I have a real desire to maintain this authenticity so I’m really pleased that you found this to be the case. The novel I wrote before this, Long Bay, gave me so much experience in how to avoid placing my own sensibilities on my characters; understanding the social fabric of the time and what their desires, capabilities and expectations would have been. I wrote Long Bay as part of a Doctorate of Creative Arts at UTS and the Professor of History Paula Hamilton advised me early on in my degree to consider carefully how the way we think is a product of the time we live in, and the expectations that society has placed upon us. Discovering what these expectations are is always an important part of my research process.

Sarah’s struggles are with leaving her family, and Hannah’s are with her health – the journey back to Sydney felt like a healing process for both of them and brought Sarah’s story full circle from her departure in 1945. Was this what you intended for the characters?

It is certainly what happened, but I’m not sure that I intended it because I’m not much of a planner when I’m writing. I’m more of the “sit down and write what comes to you” school. It probably takes more drafts but I find the process of discovery enjoyable. And when I discovered what Hannah struggled with I realised that in hearing her grandmother’s story, Hannah gains new perspective on her own. And in journeying back to Australia, Sarah has to confront her past. I was very close to both of my grandmothers, and I loved hearing about their lives and considering the challenges they had to face, and how I would have managed in the same circumstances.

When she leaves Sydney, there are some children travelling with their mothers to meet their fathers in America – which was more common – wives with or without children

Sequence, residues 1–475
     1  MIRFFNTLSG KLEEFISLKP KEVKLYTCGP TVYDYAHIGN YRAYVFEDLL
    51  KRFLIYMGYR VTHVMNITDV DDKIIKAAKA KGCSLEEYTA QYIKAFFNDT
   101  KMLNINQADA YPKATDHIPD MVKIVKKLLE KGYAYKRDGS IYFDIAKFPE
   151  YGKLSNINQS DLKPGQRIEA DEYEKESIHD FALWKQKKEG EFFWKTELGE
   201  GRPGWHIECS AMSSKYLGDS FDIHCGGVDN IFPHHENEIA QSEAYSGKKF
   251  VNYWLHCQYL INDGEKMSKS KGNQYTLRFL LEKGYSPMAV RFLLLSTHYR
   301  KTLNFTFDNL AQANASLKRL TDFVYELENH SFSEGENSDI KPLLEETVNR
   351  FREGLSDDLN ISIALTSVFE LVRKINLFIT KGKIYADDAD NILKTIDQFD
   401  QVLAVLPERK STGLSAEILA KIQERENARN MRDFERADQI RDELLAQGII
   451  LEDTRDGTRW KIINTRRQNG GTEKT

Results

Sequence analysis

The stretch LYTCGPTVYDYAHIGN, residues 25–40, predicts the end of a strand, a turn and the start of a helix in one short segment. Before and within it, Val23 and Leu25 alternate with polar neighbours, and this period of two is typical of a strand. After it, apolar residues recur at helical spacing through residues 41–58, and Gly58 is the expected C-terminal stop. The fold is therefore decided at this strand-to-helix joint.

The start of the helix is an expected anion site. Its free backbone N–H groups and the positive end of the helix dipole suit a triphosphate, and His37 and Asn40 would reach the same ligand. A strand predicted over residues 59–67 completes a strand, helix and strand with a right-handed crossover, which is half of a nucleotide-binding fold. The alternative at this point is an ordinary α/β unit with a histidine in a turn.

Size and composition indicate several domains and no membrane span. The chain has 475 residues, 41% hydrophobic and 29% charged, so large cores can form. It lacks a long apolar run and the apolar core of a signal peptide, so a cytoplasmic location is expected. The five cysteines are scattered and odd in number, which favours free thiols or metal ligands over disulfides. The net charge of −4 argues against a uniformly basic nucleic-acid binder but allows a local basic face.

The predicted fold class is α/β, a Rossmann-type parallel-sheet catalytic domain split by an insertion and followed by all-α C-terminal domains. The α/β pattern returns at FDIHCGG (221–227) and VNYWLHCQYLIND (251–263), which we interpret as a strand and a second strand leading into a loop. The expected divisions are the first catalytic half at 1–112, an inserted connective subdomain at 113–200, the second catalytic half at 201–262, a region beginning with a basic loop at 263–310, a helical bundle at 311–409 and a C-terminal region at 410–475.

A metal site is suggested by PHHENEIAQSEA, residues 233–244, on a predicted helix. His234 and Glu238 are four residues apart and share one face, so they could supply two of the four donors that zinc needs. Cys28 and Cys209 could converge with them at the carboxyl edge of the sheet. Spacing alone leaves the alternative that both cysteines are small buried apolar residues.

Wives (and fiancées) without children were more common, but there were plenty of children and babies. For instance – a typical ship was the SS Monterey which arrived in San Francisco in March, 1946 with 562 Australian and New Zealand war brides and their 253 children on board. All of the war brides had free passage to America. Interestingly, fiancées were allowed free passage but a $500 bond had to come from the American fiancé which would cover the return trip to Australia should the marriage not take place three months after arrival in the US!

Was the cruise motif meant to be used as a journey and transitions into new lives at both ends for both women, and what inspired you to use the cruise motif in this way?

 

I didn’t think I would write part of the novel on a cruise ship, but I was so captivated by the experiences of the war brides on the ships to the US that it got me thinking about how travel is this time of limbo – of being stuck between. And sea voyages make for a longer period of limbo, there is more time to consider where you are coming from and where you are going.

Not long after I moved to Australia, my Grandma Lorraine and my Great Aunt Marge took a cruise to Sydney from San Diego, we picked them up and saw their cruise ship, the huge white behemoth at Circular Quay, and they told us the stories of playing bridge and dancing. And I remember thinking then that a cruise is a return to a slower pace, which was part of why my grandma loved them. There was nowhere else to be. And when I thought further about this, I realised it was the perfect place for Sarah to remember, and tell, her story.

As a finale, could you give some more insight into war brides and their experiences, and how an experience like Sarah’s would have been viewed in society at the time?